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New BC Liberal Leader Was The Biggest Defender Of Christy Clark’s Corporate Big Money Bonanza

Andrew Wilkinson earned a reputation as ex-BC Premier Christy Clark’s ‘big money spokesperson’

February 6, 2018

After a long and bitter leadership race, Andrew Wilkinson was named the new leader of the right-wing BC Liberals this weekend.

Wilkinson, a former cabinet minister under Christy Clark and past president of the BC Liberal party, is widely considered a signal that the BC Liberals are sticking with the status quo.

Before the new BC NDP government introduced legislation banning big money, the province’s political financing laws were widely viewed as the loosest in Canada, enabling a system that allowed the BC Liberals to collect well over $100 million dollars from corporations. One report found top donors received $15 billion in contracts, subsidies and other special favours from the BC Liberal government over the same time span.

The New York Times described BC as the “wild west of Canadian political cash.”

In fact, during his time in Clark’s cabinet, Wilkinson earned a reputation as Clark’s “big money spokesperson,” often defending the party against critics who said the BC Liberals were too tight with their wealthy and corporate donors.

Here are a few select quotes that illustrate why:

Re: unlimited corporate donations 

Last year, when Clark’s BC Liberals were taking heat over their refusal to ban big money from BC politics, Wilkinson defended unlimited corporate donations, even calling it “a system that works”:

“We don’t have limits in British Columbia and that’s how it has been working now for decades … It’s a system that works.”

Leading the Globe and Mail’s Gary Mason to make this observation:

“If you needed evidence of the complete arrogance the BC government is capable of displaying on the issue of campaign financing, Advanced Education Minister Andrew Wilkinson was happy to provide it this week.”

Re: corporate donations are a “legitimate” expression of democracy

Not only did Wilkinson argue corporate donations were necessary, he also made a moral argument that corporate donations are a “legitimate” way for “some companies” to “participate in the political process”:

“Some people and some companies think that it’s a good idea to support good governance and that’s what everybody’s after in this province. So the idea that people participate in the political process through political donations is entirely legitimate.”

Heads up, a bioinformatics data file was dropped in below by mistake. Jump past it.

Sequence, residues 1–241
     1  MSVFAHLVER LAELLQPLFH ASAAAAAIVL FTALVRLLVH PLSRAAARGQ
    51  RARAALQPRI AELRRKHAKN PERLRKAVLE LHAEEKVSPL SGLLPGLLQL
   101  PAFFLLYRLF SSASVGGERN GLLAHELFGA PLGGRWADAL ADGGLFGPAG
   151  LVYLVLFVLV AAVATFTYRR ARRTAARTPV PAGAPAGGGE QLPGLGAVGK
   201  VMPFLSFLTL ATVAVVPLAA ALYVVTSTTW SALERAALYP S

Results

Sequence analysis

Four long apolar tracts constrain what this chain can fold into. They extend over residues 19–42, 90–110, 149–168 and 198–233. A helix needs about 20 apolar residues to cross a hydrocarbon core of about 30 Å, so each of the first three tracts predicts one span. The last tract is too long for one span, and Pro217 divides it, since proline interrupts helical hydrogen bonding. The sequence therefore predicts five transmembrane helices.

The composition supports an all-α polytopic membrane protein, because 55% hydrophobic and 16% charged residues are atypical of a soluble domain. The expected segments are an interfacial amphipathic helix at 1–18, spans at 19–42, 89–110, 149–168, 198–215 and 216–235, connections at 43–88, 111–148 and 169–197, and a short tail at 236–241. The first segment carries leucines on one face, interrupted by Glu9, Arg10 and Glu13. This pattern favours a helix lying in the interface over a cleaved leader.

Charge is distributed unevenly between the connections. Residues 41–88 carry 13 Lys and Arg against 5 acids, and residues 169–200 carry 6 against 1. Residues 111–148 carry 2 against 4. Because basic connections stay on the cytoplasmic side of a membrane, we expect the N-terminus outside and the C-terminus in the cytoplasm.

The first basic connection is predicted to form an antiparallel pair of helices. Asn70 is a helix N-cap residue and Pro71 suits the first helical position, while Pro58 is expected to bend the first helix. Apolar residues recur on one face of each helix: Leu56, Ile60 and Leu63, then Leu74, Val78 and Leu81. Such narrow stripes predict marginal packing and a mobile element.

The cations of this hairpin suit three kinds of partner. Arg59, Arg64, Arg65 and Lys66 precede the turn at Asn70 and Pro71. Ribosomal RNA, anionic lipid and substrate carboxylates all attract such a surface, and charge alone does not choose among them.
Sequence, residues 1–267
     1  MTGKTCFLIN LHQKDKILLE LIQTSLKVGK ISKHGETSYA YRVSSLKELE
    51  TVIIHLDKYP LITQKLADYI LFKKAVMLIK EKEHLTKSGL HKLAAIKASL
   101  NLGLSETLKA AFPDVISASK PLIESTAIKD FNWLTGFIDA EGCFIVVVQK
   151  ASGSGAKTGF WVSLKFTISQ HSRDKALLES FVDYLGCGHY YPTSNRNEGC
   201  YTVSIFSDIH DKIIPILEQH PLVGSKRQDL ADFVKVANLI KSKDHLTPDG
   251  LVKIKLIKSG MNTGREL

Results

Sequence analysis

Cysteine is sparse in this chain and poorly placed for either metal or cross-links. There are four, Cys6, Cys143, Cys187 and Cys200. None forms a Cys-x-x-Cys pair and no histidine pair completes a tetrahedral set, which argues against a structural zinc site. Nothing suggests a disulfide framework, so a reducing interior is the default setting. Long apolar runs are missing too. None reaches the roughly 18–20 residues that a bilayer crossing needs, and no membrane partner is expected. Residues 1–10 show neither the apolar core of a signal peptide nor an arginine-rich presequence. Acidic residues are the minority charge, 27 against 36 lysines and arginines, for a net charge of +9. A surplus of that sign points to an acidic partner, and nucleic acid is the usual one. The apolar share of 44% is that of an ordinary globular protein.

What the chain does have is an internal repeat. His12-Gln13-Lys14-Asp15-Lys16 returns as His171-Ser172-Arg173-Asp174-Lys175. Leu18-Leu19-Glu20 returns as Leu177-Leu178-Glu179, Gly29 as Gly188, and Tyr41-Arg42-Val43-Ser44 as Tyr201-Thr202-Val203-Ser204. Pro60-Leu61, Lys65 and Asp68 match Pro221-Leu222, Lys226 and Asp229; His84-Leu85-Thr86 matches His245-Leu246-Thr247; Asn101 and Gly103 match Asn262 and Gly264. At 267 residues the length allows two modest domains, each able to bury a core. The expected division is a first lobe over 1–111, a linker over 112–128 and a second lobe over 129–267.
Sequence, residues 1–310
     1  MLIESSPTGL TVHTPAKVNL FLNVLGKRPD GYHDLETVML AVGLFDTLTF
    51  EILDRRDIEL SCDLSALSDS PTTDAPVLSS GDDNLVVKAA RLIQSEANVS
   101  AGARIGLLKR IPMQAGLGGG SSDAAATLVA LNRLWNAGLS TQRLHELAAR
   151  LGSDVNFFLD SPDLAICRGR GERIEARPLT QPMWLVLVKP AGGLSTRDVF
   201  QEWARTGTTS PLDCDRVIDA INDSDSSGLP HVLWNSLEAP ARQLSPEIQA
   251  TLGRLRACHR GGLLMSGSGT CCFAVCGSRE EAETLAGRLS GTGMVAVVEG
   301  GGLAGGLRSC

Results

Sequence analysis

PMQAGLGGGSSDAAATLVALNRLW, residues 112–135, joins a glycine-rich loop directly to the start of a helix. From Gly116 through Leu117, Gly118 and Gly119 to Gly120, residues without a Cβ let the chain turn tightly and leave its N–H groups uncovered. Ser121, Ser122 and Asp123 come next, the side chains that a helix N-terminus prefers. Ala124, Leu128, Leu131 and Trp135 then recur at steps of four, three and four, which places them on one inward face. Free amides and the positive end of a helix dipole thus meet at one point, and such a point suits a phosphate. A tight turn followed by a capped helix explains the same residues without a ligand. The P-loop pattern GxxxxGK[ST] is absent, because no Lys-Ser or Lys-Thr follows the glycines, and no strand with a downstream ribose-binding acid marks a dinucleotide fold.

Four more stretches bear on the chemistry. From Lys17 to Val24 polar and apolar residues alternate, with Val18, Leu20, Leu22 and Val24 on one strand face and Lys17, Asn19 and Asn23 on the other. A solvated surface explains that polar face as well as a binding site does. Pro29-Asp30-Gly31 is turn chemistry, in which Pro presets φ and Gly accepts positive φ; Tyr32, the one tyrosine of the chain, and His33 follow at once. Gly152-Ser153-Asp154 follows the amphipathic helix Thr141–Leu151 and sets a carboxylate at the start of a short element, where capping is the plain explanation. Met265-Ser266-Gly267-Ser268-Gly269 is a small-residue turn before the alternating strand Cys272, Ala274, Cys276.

Re: cash-for-access fundraising dinners

What about Christy Clark’s $10,000 per plate cash-for-access fundraising dinners?

Yep, Wilkinson defended that too:

“It’s a way for parties to raise money and I think the key point to get across here is if the parties aren’t raising the money and are accountable to the ballot box, these funds go elsewhere.”


Re: special treatment

Even though top BC Liberal donors received $15 billion in government handouts and half of all appointees to the boards of various agencies and crown corporations were BC Liberal donors, Wilkinson made a pretty ludicrous statement about that too:

“No one gets special treatment by being a campaign donor.”


Re: capping donations

After the BC NDP government imposed new rules cracking down on the influence of big money in provincial politics, Wilkinson described the changes as “a big disappointment” and argued a $1,200 cap on donations is unfair to the BC Liberals:

“They’ve arbitrarily chosen a figure of $1,200 for the amount that is the cap for donations, and clearly that will suit their interests, there’s no rationale for it other than it suits the interests of the NDP. So, this is a big disappointment.”



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Justin Trudeau Now Suddenly Thinks Electoral Reform is Bad for Democracy

Trudeau’s Liberals made electoral reform a central campaign promise during the 2015 election

February 5, 2018

Prime Minister Justin Trudeau was asked about breaking his electoral reform promise and let’s just say his answer didn’t go very well.

At a town hall event in Edmonton this week, Trudeau fielded a question on “electoral reform” from an audience member who wanted to know “what I can do as a regular citizen to help put some momentum behind your campaign promise?”

Trudeau was met with boos when he told the audience “proportional representation of any sort would not…